Transgender community susceptible to Alzheimer’s

Transgender and non-binary older adults may be at greater risk of developing Alzheimer’s disease, research suggests.

Transgender and non-binary older adults may be at greater risk of developing Alzheimer’s disease, research suggests.

The Australian research – conducted by UNSW Sydney and the first global study to investigate disparities in dementia risk according to sex and gender identity – compared the prevalence of modifiable risk factors in transgender or gender-diverse participants compared to cisgender adults.

Dr Brooke Brady

“It allowed us for the first time to look into how dementia risk in both mid-life and later-life might be different in sex and gender,” lead researcher Dr Brooke Brady told Australian Ageing Agenda.

Recently published in Alzheimer’s & Dementia – the journal of the Alzheimer’s Association – the research uncovers risk factors that are disproportionately higher in transgender men and women and non-binary individuals.

“When we looked at gender identity – which we know is based on cognitive, psychological and social ideas of your gender – we found a really complex pattern of risk, particularly in later-life Alzheimer’s disease risk where we found that transgender men, transgender women and non-binary adults are at higher risk of late-life Alzheimer’s disease than cisgender men and women,” said Dr Brady.

There are, she added, lots of factors that feed into that higher late-life risk. “Some of those factors include transphobia, lifetime social discrimination and stress, income inequality, health inequalities.”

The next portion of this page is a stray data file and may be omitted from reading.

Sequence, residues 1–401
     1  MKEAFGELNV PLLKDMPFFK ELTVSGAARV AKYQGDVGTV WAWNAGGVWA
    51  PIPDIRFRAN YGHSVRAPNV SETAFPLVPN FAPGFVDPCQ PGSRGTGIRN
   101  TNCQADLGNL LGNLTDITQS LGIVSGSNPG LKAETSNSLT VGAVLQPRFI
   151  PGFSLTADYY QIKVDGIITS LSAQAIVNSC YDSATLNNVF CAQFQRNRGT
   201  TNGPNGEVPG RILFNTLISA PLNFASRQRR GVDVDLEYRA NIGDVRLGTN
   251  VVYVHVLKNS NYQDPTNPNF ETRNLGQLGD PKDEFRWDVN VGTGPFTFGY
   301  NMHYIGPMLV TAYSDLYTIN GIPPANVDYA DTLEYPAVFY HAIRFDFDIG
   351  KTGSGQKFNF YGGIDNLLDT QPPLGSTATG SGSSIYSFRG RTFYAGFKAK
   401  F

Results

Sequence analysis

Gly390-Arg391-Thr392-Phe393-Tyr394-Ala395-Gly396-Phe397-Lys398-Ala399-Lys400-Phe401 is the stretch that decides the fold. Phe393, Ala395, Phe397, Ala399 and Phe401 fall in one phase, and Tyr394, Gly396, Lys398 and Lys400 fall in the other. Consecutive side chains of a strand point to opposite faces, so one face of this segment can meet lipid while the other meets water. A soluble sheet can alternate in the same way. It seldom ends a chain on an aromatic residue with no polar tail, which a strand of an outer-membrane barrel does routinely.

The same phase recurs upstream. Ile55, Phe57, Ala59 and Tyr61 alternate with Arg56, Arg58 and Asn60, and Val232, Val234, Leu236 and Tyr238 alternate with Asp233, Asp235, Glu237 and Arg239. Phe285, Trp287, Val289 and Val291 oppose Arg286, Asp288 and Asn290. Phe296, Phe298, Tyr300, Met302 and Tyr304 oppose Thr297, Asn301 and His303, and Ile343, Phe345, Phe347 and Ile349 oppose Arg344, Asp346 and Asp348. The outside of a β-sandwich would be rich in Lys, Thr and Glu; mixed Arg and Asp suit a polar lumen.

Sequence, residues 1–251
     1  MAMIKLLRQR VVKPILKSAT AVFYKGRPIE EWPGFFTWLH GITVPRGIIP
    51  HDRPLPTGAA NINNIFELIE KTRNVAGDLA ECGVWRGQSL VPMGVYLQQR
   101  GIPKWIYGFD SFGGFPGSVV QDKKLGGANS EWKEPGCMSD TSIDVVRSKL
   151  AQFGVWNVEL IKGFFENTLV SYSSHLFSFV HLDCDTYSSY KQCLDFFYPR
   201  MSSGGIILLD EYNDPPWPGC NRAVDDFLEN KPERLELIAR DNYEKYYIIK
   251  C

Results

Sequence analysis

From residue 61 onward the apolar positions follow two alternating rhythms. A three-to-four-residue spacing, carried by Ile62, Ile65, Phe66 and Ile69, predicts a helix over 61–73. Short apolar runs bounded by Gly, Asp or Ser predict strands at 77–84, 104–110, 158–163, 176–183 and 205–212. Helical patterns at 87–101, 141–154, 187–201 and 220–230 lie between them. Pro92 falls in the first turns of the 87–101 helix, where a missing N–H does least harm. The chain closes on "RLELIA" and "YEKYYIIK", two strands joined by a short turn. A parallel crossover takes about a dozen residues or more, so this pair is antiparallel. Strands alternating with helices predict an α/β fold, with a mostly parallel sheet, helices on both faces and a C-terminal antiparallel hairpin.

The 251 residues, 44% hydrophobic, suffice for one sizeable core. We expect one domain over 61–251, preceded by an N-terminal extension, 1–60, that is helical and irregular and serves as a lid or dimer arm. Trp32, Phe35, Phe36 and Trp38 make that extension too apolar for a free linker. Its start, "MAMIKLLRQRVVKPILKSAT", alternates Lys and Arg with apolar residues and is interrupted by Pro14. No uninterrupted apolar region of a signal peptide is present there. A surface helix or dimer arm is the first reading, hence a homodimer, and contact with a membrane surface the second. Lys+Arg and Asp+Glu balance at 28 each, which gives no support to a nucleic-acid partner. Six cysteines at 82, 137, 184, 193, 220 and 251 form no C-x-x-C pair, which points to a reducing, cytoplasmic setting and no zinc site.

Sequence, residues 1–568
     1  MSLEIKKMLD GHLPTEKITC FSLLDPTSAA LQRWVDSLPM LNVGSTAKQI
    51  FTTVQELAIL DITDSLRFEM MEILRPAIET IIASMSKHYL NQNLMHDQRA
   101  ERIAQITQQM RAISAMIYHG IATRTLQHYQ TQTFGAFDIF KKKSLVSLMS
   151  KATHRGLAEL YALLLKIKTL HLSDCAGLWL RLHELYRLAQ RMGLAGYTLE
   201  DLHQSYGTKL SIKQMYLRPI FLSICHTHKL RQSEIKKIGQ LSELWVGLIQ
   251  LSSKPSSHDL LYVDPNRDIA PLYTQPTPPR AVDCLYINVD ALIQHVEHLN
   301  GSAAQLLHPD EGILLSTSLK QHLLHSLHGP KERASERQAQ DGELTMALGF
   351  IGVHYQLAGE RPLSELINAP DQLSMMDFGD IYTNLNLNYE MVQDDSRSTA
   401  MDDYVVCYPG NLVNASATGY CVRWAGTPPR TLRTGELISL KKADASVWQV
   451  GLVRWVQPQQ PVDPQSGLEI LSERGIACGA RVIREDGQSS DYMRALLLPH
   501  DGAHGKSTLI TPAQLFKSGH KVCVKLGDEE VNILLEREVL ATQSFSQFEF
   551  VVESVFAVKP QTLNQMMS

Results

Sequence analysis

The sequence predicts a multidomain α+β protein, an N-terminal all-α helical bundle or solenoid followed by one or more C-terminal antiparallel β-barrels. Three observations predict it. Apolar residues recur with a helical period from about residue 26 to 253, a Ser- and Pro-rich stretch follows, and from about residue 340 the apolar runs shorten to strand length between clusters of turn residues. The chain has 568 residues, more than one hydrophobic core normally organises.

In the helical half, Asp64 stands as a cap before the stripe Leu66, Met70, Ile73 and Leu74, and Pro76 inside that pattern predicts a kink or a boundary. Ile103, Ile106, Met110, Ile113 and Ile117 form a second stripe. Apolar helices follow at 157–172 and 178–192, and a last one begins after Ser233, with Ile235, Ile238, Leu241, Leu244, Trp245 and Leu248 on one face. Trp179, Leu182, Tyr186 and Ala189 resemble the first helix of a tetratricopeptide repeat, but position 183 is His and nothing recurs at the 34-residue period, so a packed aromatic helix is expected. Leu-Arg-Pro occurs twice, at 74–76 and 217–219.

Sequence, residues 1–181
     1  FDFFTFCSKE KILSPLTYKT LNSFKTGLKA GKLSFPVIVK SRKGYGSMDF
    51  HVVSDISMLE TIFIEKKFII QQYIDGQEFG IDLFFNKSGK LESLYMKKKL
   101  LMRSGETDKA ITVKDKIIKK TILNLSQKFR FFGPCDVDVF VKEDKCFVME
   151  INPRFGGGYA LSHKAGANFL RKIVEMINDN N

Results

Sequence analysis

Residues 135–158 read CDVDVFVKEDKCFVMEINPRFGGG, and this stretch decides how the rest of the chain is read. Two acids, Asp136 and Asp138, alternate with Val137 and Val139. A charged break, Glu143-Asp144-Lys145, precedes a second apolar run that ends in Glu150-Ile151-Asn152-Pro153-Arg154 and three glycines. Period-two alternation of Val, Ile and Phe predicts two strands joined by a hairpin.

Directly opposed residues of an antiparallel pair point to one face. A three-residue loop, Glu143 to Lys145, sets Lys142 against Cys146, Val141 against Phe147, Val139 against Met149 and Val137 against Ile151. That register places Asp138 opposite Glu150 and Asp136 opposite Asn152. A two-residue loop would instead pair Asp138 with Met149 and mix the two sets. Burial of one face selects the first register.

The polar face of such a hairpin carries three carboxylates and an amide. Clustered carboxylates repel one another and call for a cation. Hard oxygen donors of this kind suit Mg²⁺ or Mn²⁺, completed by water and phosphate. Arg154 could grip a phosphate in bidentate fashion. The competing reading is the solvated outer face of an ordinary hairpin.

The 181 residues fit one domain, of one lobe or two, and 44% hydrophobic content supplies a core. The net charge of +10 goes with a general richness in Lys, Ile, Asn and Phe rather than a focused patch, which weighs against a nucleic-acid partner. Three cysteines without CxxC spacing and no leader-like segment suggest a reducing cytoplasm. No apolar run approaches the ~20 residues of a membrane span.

Dr Brady said she was unsurprised by her team’s findings. “I wasn’t surprised. I’m disappointed, always, to see this play out in data. I think as a community we can do more to learn about inequalities and start to address those to better support the needs of people who are gender diverse.”

The findings are extremely important for the transgender community, said Dr Brady. “They’re showing us that there is a need – there is a really dire need – for more targeted dementia-risk prevention campaigns that meet their needs in a more specific way.”

Dr Brady told AAA there needs to be more research into dementia risk and health inequalities for gender diverse people.

“Unfortunately, until we get more global data, there are so many unanswered questions,” she said. “There are so many dementia-risk factors that we could just not include in this study that I suspect – and my colleagues suspect and community advocates suspect – will be having a strong impact on dementia risk.”

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Tags: dementia, Dr Brooke Brady, gender diverse, transgender, UNSW sydney,

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